Does that mean factorisation such that factors are all in the range 1...9?Stephan van Hulst wrote:. . . given an integer K, returns a list of integers who's digit product is K. . . .
Ramsin Khoshaba wrote:I was trying to solve this problem. So I wrote the following code.
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Please explain a bit more. What about 4 8 and 9? I think I have misunderstood what you said there.Winston Gutkowski wrote:. . . 3. If K is an exact power of a single digit, the answer will be either 0 or 1. . . .
Winston Gutkowski wrote:Indeed, if K has any prime factor > 9, the answer MUST be 0.
Campbell Ritchie wrote:
Please explain a bit more. What about 4 8 and 9? I think I have misunderstood what you said there.Winston Gutkowski wrote:. . . 3. If K is an exact power of a single digit, the answer will be either 0 or 1. . . .
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Piet Souris wrote:Nice problem, and Winston is right.
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There are three kinds of actuaries: those who can count, and those who can't.
Piet Souris wrote:say K = 12. Now, we have the combinations that I mentioned. [2, 2, 3], [2, 6], [3, 4] (for K = 2 ^50, I get 231 different combinations).
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Piet Souris wrote:@Ramsin
the formulas needed are those of the multinomial distribution. It boils down to: we have R red, G green, B blue and W white balls, how many different permutations are there?
Ramsin Khoshaba wrote:In the worst case (where A=1 and B=10^100) there are approximately 352 billion different combinations of 1-9 digits.
There are three kinds of actuaries: those who can count, and those who can't.
Piet Souris wrote:And finally: it might be worth to first check B – A. If that is less than say 10 ^7, then away with all clever solutions: vive Brute Force!
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Winston Gutkowski wrote:
Piet Souris wrote:And finally: it might be worth to first check B – A. If that is less than say 10 ^7, then away with all clever solutions: vive Brute Force!
Ooof. I have to disagree here (and I may be wrong), but the requirements only ask us to find out how many combinations there are; not what they are
I'm sure Piet will correct me if I'm wrong; but to me this problem is much more about understanding the numbers of combinations involved rather than what they actually are.
Winston
There are three kinds of actuaries: those who can count, and those who can't.
Piet Souris wrote:Well, I too have to disagree. I meant this: (for A and B close enough, and both in the long-range)
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Ryan McGuire wrote:Is there any sort of statute of limitations on answer programming questions that is likely a homework assignment? On the one hand, I understand the concept of not doing someone's homework for them. On the other, it may be fun to share some code that implements the entire solution.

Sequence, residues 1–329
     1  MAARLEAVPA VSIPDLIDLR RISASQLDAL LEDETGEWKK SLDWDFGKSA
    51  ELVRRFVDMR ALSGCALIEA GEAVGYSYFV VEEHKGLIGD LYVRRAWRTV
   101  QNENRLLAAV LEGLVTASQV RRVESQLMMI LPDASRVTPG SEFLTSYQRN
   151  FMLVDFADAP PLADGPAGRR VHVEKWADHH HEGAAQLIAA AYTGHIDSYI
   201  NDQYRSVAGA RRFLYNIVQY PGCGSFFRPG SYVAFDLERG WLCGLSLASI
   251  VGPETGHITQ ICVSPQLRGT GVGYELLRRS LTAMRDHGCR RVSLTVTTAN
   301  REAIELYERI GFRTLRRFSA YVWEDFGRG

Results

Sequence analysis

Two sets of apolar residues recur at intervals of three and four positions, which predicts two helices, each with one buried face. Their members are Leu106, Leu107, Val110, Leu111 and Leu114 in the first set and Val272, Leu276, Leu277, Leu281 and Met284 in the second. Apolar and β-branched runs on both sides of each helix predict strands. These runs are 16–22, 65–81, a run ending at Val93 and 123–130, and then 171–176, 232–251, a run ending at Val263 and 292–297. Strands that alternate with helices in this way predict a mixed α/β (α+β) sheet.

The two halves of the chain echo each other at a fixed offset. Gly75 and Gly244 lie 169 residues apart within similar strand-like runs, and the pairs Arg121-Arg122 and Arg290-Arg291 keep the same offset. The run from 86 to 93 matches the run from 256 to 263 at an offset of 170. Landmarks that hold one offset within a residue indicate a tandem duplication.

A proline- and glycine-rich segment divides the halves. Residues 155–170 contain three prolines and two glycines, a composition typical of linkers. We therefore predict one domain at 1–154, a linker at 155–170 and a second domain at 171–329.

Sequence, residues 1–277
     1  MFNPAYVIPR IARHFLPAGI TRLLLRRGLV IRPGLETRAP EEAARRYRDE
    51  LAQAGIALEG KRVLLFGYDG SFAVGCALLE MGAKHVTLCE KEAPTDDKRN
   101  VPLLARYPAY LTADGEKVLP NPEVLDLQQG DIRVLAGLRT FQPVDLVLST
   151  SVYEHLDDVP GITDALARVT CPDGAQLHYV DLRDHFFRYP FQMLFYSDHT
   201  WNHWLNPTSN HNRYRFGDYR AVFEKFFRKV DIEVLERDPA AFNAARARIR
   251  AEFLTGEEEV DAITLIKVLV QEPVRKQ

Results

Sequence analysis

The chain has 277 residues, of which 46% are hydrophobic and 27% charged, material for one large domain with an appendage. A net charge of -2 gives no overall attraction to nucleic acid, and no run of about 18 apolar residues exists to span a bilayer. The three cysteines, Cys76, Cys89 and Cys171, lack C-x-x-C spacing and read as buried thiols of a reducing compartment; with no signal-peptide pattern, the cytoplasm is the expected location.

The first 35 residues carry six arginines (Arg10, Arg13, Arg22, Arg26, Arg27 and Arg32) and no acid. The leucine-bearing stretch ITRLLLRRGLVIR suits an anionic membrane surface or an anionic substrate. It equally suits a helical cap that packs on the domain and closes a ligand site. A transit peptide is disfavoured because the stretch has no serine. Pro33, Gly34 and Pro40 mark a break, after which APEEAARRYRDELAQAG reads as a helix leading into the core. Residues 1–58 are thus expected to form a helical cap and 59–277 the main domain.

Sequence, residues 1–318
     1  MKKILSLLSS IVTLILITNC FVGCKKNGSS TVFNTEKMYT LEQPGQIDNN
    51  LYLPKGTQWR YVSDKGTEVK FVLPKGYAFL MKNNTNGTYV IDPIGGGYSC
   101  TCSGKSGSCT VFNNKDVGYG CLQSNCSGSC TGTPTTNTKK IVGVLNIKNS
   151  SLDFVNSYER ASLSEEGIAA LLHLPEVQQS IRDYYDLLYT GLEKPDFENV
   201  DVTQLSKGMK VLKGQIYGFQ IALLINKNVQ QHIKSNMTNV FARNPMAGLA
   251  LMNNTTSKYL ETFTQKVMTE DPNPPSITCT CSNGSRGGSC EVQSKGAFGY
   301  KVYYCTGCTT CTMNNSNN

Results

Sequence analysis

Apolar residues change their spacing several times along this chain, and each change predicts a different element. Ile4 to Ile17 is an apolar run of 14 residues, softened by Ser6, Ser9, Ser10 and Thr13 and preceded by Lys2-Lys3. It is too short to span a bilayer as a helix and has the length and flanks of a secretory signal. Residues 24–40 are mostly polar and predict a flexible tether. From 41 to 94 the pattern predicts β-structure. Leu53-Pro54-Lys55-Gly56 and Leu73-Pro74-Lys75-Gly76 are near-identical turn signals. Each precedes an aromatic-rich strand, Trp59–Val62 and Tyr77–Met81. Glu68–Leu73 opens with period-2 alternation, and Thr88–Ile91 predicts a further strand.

There are three kinds of actuaries: those who can count, and those who can't.
Piet Souris wrote:Now, that is pretty easy, I think, but that problem was also marked as 'moderate'. So, is OP's problem also that easy to solve? Hmmm...
Anyone with a brillliant easy solution?
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Ramsin Khoshaba wrote:We have then, ...
x + 2*y + 3*z = 5
where x denotes the number of groups of size 1,
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Winston Gutkowski wrote:The longest number possible from K (not including '1's) ... blah blah blah...
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Articles by Winston can be found here
There are three kinds of actuaries: those who can count, and those who can't.
Piet Souris wrote:Since my replies were hardly answered or commented, I guess there is not much interest for it.
Ramsin Khoshaba wrote:Now for each such permutation there should belong a 3 also. So we get,
Or, 56 such permutations.
Ramsin Khoshaba wrote:
Piet Souris wrote:Since my replies were hardly answered or commented, I guess there is not much interest for it.
I think that is because everyone is really absorbed in its own thoughts, so it gets difficult to change your "perspective" when you've been thinking a lot from another one.
Ramsin Khoshaba wrote:Second, the problem is not so easy maybe.
Piet Souris wrote:Well, I'm not sure I understand, but I wish you success!
"Leadership is nature's way of removing morons from the productive flow" - Dogbert
Articles by Winston can be found here
There are three kinds of actuaries: those who can count, and those who can't.
Piet Souris wrote:@Ramsin
what is your background, if I may ask? Not many know about diiofantic equations. I remember doing a Project Euler problem that dealt with these things. As it turned out, I had to search Google for some theoretic results first.
Piet Souris wrote:@Winston
I'm really surprised about you fanatism. Never knew you were in these kinds of problems! To finish with a famous saying from 'Are you being served': keep up the good work!
Also, if we have (x + y) mod z, that is equl to (x mod z) + (y mod z), and that should enable us to avoid using big integers.
"Leadership is nature's way of removing morons from the productive flow" - Dogbert
Articles by Winston can be found here
There are three kinds of actuaries: those who can count, and those who can't.